The Search for Modern China

By Jonathan D. Spence | Go to book overview

CHAPTER 10 New Tensions in the Late Qing

SELF-STRENGTHENING AND THE JAPANESE WAR

The Confucian statesmen whose skill, integrity, and tenacity helped suppress the rebellions of the mid-nineteenth century showed how imaginatively the Chinese could respond to new challenges. Under the general banner of restoring order to the Qing Empire, they had managed to develop new structures to handle foreign relations and collect custom dues, to build modern ships and weapons, and to start teaching international law and the rudiments of modern science. "Self-strengthening" had not proved an empty slogan, but an apparently viable road to a more secure future. Progressive-minded Chinese and Manchus seemed able to work together in order to preserve the most cherished aspects of their traditional cultures by selectively adapting elements of Western learning and technology to China's needs. It was true that there remained complex problems of continuing rural militarization, new local autonomy over taxation, landlord abuses and bureaucratic corruption, and bellicose foreign powers with their military, diplomatic, and missionary encroachments. But with forceful imperial leadership and a resolute Grand Council, it appeared that the Qing dynasty might regain some of its former strength.

Unfortunately for the survival of the dynasty, forceful leadership was not forthcoming. Tongzhi, in the name of whose rule the Tongzhi Restoration of central and provincial government had been undertaken, died suddenly at the age of eighteen in January 1875, shortly after taking up power in person. The official cause of death was smallpox, but it was widely rumored that he had exhausted himself with wild living and overindulgence in the

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The Search for Modern China
Table of contents

Table of contents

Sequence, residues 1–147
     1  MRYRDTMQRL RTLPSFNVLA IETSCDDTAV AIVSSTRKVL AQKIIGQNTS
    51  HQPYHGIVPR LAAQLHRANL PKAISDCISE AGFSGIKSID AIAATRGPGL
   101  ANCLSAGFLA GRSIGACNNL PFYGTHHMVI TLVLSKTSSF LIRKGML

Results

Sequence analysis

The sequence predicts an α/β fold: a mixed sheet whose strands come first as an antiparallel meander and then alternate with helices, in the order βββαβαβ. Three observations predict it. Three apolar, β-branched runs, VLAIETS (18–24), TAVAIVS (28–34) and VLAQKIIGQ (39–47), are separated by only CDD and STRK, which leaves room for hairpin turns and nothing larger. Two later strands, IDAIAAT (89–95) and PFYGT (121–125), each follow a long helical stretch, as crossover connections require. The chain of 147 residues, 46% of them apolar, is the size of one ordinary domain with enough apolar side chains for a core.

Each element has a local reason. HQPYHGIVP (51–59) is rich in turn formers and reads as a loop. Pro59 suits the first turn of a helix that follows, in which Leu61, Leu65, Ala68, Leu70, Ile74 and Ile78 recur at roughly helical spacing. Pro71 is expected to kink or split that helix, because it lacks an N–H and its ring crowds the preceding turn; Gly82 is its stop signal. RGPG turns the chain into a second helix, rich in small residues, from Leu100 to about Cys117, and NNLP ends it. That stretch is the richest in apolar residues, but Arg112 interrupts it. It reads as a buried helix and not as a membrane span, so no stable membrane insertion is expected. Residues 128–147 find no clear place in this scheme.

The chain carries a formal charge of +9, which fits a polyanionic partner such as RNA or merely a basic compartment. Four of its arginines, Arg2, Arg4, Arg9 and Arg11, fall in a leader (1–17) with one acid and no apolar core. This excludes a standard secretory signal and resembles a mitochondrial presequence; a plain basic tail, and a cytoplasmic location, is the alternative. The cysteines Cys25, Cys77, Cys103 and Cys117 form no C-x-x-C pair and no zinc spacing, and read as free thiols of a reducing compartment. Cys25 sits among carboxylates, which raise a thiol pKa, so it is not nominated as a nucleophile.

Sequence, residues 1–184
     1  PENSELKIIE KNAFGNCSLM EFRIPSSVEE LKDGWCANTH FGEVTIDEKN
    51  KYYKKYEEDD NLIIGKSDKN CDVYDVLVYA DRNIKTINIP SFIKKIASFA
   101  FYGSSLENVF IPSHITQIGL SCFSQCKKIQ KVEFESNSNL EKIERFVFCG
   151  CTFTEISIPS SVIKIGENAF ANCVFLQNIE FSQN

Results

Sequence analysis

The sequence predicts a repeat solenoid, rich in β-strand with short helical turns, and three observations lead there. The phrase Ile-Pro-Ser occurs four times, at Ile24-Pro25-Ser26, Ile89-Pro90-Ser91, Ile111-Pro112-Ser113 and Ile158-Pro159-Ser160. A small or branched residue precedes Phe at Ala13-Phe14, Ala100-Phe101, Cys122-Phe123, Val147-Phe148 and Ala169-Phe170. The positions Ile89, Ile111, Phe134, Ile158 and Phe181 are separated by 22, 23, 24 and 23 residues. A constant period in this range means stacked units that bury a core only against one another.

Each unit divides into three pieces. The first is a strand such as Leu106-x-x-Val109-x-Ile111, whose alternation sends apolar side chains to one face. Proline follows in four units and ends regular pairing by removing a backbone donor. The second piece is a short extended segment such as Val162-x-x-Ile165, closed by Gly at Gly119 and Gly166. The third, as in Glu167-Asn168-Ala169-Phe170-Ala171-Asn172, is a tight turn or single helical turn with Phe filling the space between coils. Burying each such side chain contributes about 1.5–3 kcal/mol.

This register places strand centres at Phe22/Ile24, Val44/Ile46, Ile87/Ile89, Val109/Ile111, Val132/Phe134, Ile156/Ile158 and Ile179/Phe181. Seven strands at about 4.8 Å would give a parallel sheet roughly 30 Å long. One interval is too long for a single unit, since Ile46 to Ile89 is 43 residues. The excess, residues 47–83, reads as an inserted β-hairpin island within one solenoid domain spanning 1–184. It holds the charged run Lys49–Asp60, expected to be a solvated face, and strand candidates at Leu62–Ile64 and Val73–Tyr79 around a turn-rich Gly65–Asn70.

• The Search for Modern China i
  • Title Page iv
  • Contents ix
  • Maps xv
  • Tables xvii
  • Preface to the Second Edition xix
  • Preface to the First Edition xxiii
  • Acknowledgments for the Second Edition xxvii
  • Acknowledgments for the First Edition xxix
  • The Use of Pinyin xxxi
  • Conquest and Consolidation 1
  • The Late Ming 7
  • The Manchu Conquest 26
  • Kangxi's Consolidation 49
  • Yongzheng's Authority 74
  • Chinese Society and the Reign of Qianlong 96
  • China and the Eighteenth-Century World 117
  • Fragmentation and Reform 139
  • The First Clash with the West 145
  • The Crisis Within 167
  • Restoration Through Reform 192
  • New Tensions in the Late Qing 215
  • The End of the Dynasty 243
  • Envisioning State and Society 265
  • The New Republic 271
  • A Road is Made" 290
  • The Fractured Alliance 314
  • The Guomindang in Power 342
  • Communist Survival 375
  • War and Revolution 411
  • World War II 419
  • The Fall of the Guomindang State 459
  • The Birth of the People's Republic 489
  • Planning the New Society 514
  • Deepening the Revolution 544
  • Cultural Revolution 565
  • Re-Entering the World 587
  • Reopening the Doors 595
  • Redefining Revolution 618
  • Levels of Power 647
  • Testing the Limits 677
  • Century's End 705
  • Appendixes A1
  • Notes and Permissions A3
  • Further Readings A23
  • Glossary A47
  • Illustration Credits A71
  • A Note on the Calligraphy A75
  • Index A77
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